Hometown and University: Brooklyn, New York. I went to St. John’s University, majoring in History and minoring in Philosophy.
Fulbright ETA placement location and year: I was an ETA at SMK 1 in Tanjunpandan, Belitung Island, South Sumatra, for the 2013-2014 term.
Current City and Job: Portland, Maine. Field Organizer with Green Corps, the Field School for Environmental Organizing.
Life After Fulbright
Life after Fulbright has been a whirlwind of travel, meeting inspiring people, and doing valuable work. Less than a week after completing my Fulbright, I traveled to Warsaw, Poland for the Humanity in Action fellowship, a one-month program focusing on minority rights within the historical and contemporary context and, generally, to meet other inspiring young people who also want to dedicate their lives to helping others.
After traveling in Europe and (finally) resting at home, I began Green Corps. Green Corps is a one-year environmental activist fellowship, which includes 8 weeks of trainings, and traveling 2-3 different campaigns. In the fall, I led Food and Water Watch’s Corvallis, Oregon office for the “Oregon Right to Know” campaign to pass Measure 92, which would have labeled GMO foods. This past winter, I was in Burlington, Vermont with VPIRG working on Energy Independent Vermont campaign to pass the first carbon-pollution tax in the Untied States. This spring and summer, I will be a Canvass Director with Environment Maine working to close loopholes in the Clean Water Act.
I was also granted the amazing opportunity to be on the board of Planet Indonesia, a NGO founded by my friend, and fellow Fulbright alumnus, Adam Miller.
There’s a lot more I can expand on about my post-Fulbright experience. As you can imagine, I’ve been tested. I’ve had to join a campaign with only 2 months left to go until election day, and – without anyone there before me – mobilize a swing city and conservative university to vote the right way; I’ve had to help start-up a campaign that is still developing it’s own materials, language and campaign plans; I’ve met some incredible people, and some people who – to put it nicely – peaked my curiosity; I’ve worked more than I’ve hung out; I’ve made new friends and created greater distances with older ones; I’ve been around people a lot (if I’m doing my job right), and, yet, I’ve felt the loneliness of moving into a new city for only a temporary time.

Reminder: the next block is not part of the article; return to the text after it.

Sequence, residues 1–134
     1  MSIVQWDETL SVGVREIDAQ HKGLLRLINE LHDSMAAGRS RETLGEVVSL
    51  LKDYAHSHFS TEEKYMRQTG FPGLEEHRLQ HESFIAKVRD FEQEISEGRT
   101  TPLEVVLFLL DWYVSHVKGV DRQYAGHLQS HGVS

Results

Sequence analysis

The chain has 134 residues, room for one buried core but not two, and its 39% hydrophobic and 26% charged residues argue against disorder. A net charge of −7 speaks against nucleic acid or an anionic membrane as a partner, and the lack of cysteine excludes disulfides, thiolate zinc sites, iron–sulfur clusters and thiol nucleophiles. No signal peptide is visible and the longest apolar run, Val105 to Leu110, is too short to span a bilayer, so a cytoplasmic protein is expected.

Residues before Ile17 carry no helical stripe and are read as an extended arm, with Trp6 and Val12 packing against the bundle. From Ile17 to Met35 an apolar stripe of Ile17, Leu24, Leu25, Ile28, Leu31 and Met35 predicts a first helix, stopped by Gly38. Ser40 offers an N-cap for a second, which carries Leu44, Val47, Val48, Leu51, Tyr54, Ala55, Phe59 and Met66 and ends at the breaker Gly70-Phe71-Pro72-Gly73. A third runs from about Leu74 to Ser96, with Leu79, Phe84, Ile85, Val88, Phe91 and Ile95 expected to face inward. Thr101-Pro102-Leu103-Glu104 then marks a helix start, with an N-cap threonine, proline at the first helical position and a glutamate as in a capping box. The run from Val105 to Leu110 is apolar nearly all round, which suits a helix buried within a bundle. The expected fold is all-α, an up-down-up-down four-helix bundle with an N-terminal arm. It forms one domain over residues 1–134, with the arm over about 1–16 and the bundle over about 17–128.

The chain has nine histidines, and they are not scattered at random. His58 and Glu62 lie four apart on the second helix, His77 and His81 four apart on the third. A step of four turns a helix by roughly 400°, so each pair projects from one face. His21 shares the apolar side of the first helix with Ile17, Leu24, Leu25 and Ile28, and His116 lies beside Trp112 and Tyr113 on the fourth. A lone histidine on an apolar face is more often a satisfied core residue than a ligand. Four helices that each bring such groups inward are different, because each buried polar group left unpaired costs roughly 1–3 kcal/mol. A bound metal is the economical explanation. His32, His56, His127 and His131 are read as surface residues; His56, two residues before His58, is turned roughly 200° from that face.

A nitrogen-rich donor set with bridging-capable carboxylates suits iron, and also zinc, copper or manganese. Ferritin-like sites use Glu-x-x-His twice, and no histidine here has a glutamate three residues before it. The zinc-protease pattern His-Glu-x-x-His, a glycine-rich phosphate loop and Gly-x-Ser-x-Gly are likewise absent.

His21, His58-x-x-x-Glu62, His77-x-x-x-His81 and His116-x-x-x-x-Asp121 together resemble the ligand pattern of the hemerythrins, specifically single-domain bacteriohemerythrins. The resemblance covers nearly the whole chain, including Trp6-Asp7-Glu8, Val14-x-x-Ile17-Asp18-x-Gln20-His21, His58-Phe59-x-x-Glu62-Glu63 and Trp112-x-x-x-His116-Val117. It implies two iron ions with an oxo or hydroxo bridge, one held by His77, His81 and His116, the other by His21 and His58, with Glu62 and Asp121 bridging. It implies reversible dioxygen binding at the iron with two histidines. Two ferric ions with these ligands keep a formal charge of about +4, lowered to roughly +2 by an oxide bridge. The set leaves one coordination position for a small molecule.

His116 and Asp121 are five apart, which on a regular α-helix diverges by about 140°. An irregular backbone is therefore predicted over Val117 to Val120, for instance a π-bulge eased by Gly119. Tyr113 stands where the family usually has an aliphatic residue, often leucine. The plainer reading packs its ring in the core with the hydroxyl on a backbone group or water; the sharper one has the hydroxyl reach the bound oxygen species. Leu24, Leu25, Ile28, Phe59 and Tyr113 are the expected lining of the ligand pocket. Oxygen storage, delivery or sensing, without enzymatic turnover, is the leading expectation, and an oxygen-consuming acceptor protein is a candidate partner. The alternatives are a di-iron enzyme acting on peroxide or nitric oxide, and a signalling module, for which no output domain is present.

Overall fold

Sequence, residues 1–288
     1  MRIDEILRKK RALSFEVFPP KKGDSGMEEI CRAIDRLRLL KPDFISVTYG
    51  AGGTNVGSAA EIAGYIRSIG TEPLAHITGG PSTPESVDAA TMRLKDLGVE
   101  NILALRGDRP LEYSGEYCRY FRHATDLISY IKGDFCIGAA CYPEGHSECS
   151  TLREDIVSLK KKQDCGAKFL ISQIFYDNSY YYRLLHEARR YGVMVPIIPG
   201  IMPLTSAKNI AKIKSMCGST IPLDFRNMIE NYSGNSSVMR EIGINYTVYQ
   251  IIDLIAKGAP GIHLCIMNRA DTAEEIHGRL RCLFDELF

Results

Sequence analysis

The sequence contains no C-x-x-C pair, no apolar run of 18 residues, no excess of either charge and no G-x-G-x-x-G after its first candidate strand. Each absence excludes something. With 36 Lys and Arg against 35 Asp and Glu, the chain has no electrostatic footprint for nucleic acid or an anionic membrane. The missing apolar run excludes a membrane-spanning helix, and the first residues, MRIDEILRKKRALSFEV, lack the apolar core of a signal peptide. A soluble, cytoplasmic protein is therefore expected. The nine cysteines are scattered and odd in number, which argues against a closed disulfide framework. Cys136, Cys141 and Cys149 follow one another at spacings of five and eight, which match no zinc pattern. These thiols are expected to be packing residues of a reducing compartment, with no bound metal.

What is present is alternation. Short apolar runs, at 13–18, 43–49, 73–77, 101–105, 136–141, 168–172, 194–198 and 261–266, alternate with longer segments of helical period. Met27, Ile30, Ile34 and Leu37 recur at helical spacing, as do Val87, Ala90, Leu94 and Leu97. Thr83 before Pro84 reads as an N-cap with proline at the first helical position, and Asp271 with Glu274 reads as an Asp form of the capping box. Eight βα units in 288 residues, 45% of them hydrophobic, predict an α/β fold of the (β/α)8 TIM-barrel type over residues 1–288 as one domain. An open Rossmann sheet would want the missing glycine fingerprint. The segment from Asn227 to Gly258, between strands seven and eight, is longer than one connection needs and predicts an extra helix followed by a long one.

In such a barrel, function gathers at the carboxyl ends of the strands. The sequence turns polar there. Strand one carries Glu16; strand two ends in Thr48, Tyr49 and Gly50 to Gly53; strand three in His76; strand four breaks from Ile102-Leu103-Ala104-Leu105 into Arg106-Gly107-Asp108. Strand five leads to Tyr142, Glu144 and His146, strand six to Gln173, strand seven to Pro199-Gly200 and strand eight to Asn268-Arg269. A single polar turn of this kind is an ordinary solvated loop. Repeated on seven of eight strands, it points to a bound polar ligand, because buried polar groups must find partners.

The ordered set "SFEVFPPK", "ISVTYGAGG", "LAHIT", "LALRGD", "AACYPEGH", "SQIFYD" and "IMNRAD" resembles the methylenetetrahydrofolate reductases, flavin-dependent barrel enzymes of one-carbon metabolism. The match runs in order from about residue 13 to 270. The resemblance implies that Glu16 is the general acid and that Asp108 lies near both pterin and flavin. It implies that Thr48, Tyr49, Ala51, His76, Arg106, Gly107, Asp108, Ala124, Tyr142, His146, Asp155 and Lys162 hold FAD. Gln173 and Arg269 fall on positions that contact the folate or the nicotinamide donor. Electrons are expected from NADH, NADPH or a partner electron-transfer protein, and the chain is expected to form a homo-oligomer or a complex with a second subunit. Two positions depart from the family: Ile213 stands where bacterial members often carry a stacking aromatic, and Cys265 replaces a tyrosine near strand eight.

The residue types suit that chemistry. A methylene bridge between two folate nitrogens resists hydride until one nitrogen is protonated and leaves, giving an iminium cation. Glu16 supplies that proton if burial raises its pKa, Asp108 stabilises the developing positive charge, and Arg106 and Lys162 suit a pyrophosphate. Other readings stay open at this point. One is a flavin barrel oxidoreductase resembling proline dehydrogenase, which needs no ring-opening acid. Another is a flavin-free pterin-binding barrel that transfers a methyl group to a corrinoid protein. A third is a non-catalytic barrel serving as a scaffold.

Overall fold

And, all of this, is ok. Because Fulbright prepared me for it.
My Fulbright experience has been one of the most important experiences of my life. I don’t go a day without reminiscing about SMK 1 and Belitung Island. Many people didn’t speak English, and many people have never interacted with a white guy before. The opportunity to break stereotypes, make others realize our common humanity, and to live in their island paradise (oh, yeah, and teach English) was a treasured experience. Yet, what I value the most, was the absolute generosity of the people. They were the ones who did the teaching. Not me.
When I think about my Fulbright experience in Belitung, I think about the basketball and volleyball games after school, the motorcycle rides along the beach, the weddings, the living rooms I’ve sat in, and those conversations where everyone is laughing and don’t really understand each other, yet appreciating and living in the moment: the laughter mostly coming from my ridiculous New York accent and lack of elementary vocabulary words.
Yes, my Fulbright experience also included loneliness, boredom, frustration, and more confusion and randomness than what I’m accustomed to. But these experiences all tested and grew my character.
Belitung taught me to appreciate the qualitative, to live in the moment, to enjoy life, and that the world is massive yet humanity and cultures are so similar and different. It’s that paradox that Fulbright helped me explore, cherish, and ultimately utilize as a motivation to be an activist for a better environment and world for everyone.